Video courtesy of Greater Philadelphia Tourism Marketing Corporation.
by Mark Segal
When President Obama signed the repeal of “Don’t Ask, Don’t Tell,” he might have felt the ghosts of Founding Fathers George Washington and Benjamin Franklin smiling over his shoulder. They might have even whispered in his ear, “It’s about time.”
History clearly recalls that the Revolutionary Army was a rag-tag band of men with little to no military training. We fumbled through the beginning of the war of independence with lack of training, conduct and organization. Washington knew that, without help, the Colonies would lose. Since Washington himself was the best this nation had, he looked to Europe for someone who could bring order to the troops. To that end, Washington wrote the Colonies’ representative in Paris at the time, Franklin, to see what he could find.
Franklin learned of a Prussian military genius, Lt. Gen. Friederich von Steuben, who’d had a string of successes with numerous armies across Europe. There was one problem: Various kingdoms of Europe had asked von Steuben to depart because of his “affections for members of his own sex.” And while Franklin was interviewing him, the situation became somewhat hectic as members of the French clergy decided to make a crusade and drum him out of France.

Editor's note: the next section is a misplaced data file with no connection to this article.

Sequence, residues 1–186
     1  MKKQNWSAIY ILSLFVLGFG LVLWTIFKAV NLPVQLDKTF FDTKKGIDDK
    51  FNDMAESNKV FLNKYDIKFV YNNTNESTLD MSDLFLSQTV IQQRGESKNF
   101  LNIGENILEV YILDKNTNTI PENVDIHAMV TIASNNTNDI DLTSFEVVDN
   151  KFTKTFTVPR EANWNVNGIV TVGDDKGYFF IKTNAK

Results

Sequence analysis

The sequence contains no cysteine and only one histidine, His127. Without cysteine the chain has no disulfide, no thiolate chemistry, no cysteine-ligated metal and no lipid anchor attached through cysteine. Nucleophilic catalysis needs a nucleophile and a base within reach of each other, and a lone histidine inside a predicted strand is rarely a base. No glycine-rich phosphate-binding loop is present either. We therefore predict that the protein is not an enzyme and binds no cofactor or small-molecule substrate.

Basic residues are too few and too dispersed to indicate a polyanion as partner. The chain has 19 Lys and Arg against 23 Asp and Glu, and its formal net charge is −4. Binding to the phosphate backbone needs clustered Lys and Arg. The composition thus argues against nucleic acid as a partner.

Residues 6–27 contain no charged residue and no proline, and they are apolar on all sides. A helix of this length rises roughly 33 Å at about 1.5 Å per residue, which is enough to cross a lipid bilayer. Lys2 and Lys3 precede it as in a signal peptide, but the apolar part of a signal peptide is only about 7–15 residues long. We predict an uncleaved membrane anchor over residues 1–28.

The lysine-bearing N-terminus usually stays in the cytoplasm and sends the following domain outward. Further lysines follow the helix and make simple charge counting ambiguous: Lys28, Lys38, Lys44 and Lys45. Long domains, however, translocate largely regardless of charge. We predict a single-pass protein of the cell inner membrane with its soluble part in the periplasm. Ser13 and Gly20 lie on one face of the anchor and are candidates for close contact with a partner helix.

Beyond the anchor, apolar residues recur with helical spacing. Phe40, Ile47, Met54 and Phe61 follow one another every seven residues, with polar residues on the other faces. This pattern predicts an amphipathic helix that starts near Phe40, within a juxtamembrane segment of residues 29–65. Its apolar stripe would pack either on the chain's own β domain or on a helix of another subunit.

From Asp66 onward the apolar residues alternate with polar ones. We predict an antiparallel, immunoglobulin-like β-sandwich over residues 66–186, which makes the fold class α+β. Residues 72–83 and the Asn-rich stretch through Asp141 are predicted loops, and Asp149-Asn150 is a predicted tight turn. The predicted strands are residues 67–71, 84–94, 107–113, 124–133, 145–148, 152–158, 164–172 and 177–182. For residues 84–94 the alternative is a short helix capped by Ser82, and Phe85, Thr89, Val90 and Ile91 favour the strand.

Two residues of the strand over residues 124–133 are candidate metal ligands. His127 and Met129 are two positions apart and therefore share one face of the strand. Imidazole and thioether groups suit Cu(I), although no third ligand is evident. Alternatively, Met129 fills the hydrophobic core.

Franklin had a choice here, and he decided von Steuben’s expertise was more important than his sexual orientation. He and another colony representative, Silas Deane, acted quickly before the clergy could deport von Stuben and sent him to the Colonies to serve with Washington.
Once the lieutenant was here, Washington was concerned about von Steuben’s lack of English, so he appointed two of his officers who spoke French to work as translators. One of those officers was Alexander Hamilton and the other was his close friend Henry Laurens. Some historians claim the two were lovers — but that’s another column.
Washington and Franklin’s trust in von Steuben was realized as he taught the troops the essentials of military drills, tactics and disciplines, including how to effectively use a bayonet and organizing a military camp. He authored the “Revolutionary War Drill Manual,” which became the standard drill manual until the War of 1812, and served as Washington’s chief of staff in the final years of the Revolutionary War. He was part of Washington’s inner circle, and a major factor in the victory of the Colonies. (Read an extensive article about von Steuben here, including a very touching letter from George Washington, the last letter that Washington wrote as President of the United States.)